Read the full post on Grist.
Instead of buying cheap, mass-produced gewgaws to give out this season, show your loved ones you care with a little DIY. During Grist’s 12 days of DIY gifts, we’ll share some crafty projects, with instructions that even we can follow. There’s sure to be a whatsit or wowsit for everyone.
Everyone has secrets. Some of us keep them in boring old shoeboxes. And some of us — the best of us, really — make old books into the hidden compartments a Victorian spy would be proud of. Just do us a favor and pick a really boring book — no one will ever open it!
Read the full post and view the images at Bored Panda.
A new trend in gardening has gardeners creating all sorts of creative garden arrangements and fairy gardens out of broken pots, proving that even a broken pot can be useful and beautiful.
Presenting…the diction-fairy. Picture from the Children’s Reading Foundation’s Facebook page. A quick Google search yielded instructions for an adult-sized version at Lilliedale. Happy crafting!
Read the full post from the Library As Incubator Project.
An art form that continually delights us at the Library as Incubator Project is that of book arts, particularly book sculptures. There’s something about this medium that, when done well, demonstrates a deep connection between the words and story of the book and the art piece that emerges from it. That connection is evident in the pieces by artist Jodi Harvey-Brown. Today Jodi tells us about her work and her relationship to libraries, and shares some of her marvelous book sculptures.
Read the full story at Earth911.
We reached out to five of our favorite DIY/Craft bloggers and tasked them with a challenge: Create something new out of an old phone book.
Where You Come In:
Take a look at the inspiring and beautifully functional projects we received and cast your vote for your favorite entry at the end of the story. Voting will close Friday, May 31.
We’ll follow up and publish a full tutorial of the project that receives the most votes and recognize the winning blogger on Earth911.
Manuscript Deadline: March 22, 2013
“Art is the principal way in which the human mind has tried to remake the world in a way that makes sense.” —J.G. Ballard
Sustainability: The Journal of Record is looking for research-based manuscripts, case studies, and commentaries on how creative arts are being used in sustainability programs within academia and the private sector.
In order to achieve the goals of the sustainability framework—while sparking activism and cultural change—many programs are turning to the creative arts. Sustainability: The Journal of Record, the premier journal and central forum on sustainability issues, is seeking submissions on this important topic.
We welcome submissions from professors, administrators, faculty, and students; from advocates, partners, and policymakers at the local, state, and national level; and from private sector partners working in a creative art medium to support sustainability programs and goals.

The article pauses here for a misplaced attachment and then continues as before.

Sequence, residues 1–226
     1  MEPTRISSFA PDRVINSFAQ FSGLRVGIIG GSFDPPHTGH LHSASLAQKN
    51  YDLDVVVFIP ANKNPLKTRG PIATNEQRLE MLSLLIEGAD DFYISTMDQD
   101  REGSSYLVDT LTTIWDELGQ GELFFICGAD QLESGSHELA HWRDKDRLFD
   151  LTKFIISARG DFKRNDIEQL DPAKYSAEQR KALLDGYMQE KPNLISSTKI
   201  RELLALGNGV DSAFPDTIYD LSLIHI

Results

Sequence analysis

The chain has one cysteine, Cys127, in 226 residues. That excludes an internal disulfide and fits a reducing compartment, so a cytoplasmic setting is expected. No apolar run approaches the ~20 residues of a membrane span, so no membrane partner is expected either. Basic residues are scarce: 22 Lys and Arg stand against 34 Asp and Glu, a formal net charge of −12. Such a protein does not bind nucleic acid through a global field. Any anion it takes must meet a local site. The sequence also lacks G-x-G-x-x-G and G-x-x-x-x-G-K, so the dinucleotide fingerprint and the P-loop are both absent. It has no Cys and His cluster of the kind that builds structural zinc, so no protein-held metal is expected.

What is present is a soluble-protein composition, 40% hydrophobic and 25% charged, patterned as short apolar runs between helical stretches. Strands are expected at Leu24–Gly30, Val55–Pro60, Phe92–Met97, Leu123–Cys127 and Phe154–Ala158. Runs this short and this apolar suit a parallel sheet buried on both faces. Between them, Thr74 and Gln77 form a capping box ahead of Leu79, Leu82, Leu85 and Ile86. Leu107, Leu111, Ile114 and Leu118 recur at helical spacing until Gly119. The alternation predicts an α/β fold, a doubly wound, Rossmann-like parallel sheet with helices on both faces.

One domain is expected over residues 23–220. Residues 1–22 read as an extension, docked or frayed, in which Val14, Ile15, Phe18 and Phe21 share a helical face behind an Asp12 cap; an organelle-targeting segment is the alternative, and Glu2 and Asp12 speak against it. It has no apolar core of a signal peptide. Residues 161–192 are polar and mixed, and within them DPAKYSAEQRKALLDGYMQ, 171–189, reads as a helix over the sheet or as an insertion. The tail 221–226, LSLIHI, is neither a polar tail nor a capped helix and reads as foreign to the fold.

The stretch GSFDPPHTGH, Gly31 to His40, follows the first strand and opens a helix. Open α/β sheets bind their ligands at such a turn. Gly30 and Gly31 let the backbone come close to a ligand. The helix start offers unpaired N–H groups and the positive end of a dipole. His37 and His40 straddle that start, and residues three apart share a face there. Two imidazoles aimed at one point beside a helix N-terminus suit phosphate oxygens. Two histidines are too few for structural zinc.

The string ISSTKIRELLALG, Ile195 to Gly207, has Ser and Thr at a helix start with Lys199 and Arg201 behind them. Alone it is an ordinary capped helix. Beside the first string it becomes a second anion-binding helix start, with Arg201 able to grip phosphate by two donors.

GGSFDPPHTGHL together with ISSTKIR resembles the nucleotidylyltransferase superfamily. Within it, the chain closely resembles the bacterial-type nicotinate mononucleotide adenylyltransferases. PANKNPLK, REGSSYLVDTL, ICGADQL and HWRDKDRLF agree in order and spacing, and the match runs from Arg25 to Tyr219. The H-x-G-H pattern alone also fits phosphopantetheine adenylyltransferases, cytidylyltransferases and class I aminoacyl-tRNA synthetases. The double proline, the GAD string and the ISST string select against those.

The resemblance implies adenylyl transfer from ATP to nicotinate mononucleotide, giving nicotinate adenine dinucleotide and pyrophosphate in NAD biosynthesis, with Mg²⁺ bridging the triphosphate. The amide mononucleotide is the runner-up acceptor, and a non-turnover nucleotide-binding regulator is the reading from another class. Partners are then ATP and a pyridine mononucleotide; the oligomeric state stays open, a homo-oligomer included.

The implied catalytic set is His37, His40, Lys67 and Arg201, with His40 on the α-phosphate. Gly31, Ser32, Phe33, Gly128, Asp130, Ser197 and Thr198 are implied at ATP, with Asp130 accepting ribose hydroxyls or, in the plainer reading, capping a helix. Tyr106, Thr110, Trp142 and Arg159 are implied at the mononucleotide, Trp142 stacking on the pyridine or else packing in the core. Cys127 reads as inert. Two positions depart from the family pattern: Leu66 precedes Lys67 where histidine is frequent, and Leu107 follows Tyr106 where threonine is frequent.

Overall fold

Items to consider:
- Research/survey-based articles for peer review
- Case studies and program profiles on creative arts-focused initiatives within the sustainability framework
- Commentaries on the topic
- High-resolution photographs are welcome
For more information on manuscript submission, see our Author’s page and to view a free sample issue, visit our website and click on Sample Content.
For questions, thoughts, or for further information, contact us via e-mail at firstname.lastname@example.org
We look forward to receiving your manuscripts and to your active participation in the Journal.
Advantages of submitting to Sustainability: The Journal of Record…
Rapid peer review • Fast track article publication • Open access options • Readership in over 140 countries • Outstanding editorial board and reputation of journal • In Collaboration with AASHE • Indexed/Abstracted in: EMBiology; Scopus; Geobase; CAB Abstracts; Sustainability Science Abstracts; GreenFILE
Read the full post at Crafting a Green World.
Back in October we asked you guys what kinds of things you’d like more help reusing or upcycling, and you had some great questions, both via comment and email. We’ve addressed quite a few of them, from how to reuse old jeans to new ideas for old books, but there was one question that’s been stumping me for ages: how can crafters upcycle e-waste?
There are tons of tutorials out there for certain types of e-waste, like old circuit boards, but reader Nicole is looking for those less-used items, like broken electronic toothbrushes, Christmas lights, and dead batteries. I was able to find a few interesting ideas out there, but I’ll be honest: the pickings are slim when it comes to unusual e-waste crafts. So! I’m turning to you guys!